An international team of scientists has found some of the best evidence yet that Venus, Earth's nearest neighbor, is volcanically active.
In combing through data from the European Space Agency's Venus Express mission, the scientists found transient spikes in temperature at several spots on the planet's surface. The hotspots, which were found to flash and fade over the course of just a few days, appear to be generated by active flows of lava on the surface.
Credit: Ivanov/Head/Dickson/Brown University
The large Venus volcano Ozza Mons (red, center) is several hundreds of miles across. Radiating from this rise are numerous tectonic rift zones (mapped in purple), regions of stretched and faulted crust of Venus. Although geologically relatively recent in the 4.5 billion year history of Venus, these terrains could be many hundreds of million years old and no longer active.
"We were able to show strong evidence that Venus is volcanically, and thus internally, active today," said James W. Head, a geologist at Brown University and co-author of a paper describing the new research. "This is a major finding that helps us understand the evolution of planets like our own."
The research is published online in Geophysical Research Letters.
The hotspots turned up in thermal imaging taken by the Venus Express spacecraft's Venus Monitoring Camera. The data showed spikes in temperature of several hundred degrees Fahrenheit in spots ranging in size from 1 square kilometer to over 200 kilometers.
The spots were clustered in a large rift zone called Ganiki Chasma. Rift zones are formed by stretching of the crust by internal forces and hot magma that rises toward the surface. Head and Russian colleague Mikhail Ivanov had previously mapped the region as part of a global geologic map of Venus generated from the Soviet Venera missions in the 1980s and U.S. Magellan mission in the 1990s. The mapping work had shown that Ganiki Chasma was quite young, geologically speaking, but just how young wasn't clear until now.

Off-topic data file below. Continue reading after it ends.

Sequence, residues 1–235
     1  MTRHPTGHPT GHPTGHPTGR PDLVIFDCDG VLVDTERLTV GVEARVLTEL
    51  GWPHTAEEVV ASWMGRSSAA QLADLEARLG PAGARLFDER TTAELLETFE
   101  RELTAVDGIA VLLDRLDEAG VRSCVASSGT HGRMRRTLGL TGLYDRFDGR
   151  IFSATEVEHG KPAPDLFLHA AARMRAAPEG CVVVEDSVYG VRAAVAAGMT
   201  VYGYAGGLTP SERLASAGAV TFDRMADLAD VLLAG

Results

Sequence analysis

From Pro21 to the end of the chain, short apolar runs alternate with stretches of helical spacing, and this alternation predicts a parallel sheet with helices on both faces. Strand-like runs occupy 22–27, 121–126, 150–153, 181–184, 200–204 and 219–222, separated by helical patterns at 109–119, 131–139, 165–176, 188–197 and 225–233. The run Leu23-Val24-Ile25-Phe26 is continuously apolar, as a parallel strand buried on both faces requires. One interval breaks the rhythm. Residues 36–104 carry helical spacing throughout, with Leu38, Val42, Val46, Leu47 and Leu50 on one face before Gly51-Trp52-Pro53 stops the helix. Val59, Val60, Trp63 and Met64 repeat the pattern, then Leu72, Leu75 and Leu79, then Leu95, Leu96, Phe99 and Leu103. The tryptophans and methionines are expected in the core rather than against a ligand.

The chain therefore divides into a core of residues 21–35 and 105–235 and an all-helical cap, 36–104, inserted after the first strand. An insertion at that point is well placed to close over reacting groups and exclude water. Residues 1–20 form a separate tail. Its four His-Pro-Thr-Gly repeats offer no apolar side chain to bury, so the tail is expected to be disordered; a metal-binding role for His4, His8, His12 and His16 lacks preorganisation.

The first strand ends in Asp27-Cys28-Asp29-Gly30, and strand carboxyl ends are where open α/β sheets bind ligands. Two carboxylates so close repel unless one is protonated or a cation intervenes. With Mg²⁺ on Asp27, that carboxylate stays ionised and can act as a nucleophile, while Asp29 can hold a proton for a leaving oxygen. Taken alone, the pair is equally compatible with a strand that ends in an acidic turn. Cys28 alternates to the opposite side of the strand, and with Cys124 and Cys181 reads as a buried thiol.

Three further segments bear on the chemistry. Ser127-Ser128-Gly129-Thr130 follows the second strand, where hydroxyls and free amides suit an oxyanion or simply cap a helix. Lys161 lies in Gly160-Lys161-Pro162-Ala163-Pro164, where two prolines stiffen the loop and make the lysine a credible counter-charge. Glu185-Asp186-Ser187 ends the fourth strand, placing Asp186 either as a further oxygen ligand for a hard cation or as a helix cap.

"We knew that Ganiki Chasma was the result of volcanism that had occurred fairly recently in geological terms, but we didn't know if it formed yesterday or was a billion years old," Head said. "The active anomalies detected by Venus Express fall exactly where we had mapped these relatively young deposits and suggest ongoing activity."
The latest finding is consistent with other data from Venus Express that have hinted at very recent volcanic activity. In 2010, infrared imaging from several volcanoes seemed to indicate lava flows from thousands to a few million years old. A few years later, scientists reported transient spikes in sulfur dioxide in Venus' upper atmosphere, another potential signal of active volcanism.
The observation of hotspots by Venus Express, combined with the geologic mapping from Venera and Magellan, make a strong case for a volcanically active Venus, Head says.
"This discovery fits nicely with the emerging picture of very recent activity in Venus' geologic history," he said. "These remarkable findings were the result of collaborations spanning many years and many political borders. They underscore the importance of international collaboration in exploring our solar system and understanding how it evolves."
The work was led by Eugene Shalygin and Wojciech Markiewicz of the Max Planck Institute. Additional co-authors were Alexander Basilevski (Russia's Vernadsky Institute and Brown University), Dima Titov (European Space Agency) and N.I. Ignatiev (Russia's Space Research Institute).
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Citation: Ivanov, M. A., and J. W. Head III (2011), Global geological map of Venus, Planet. Space Sci., 59, 1559-1600, doi: 10.1016/j.pss.2011.07.008.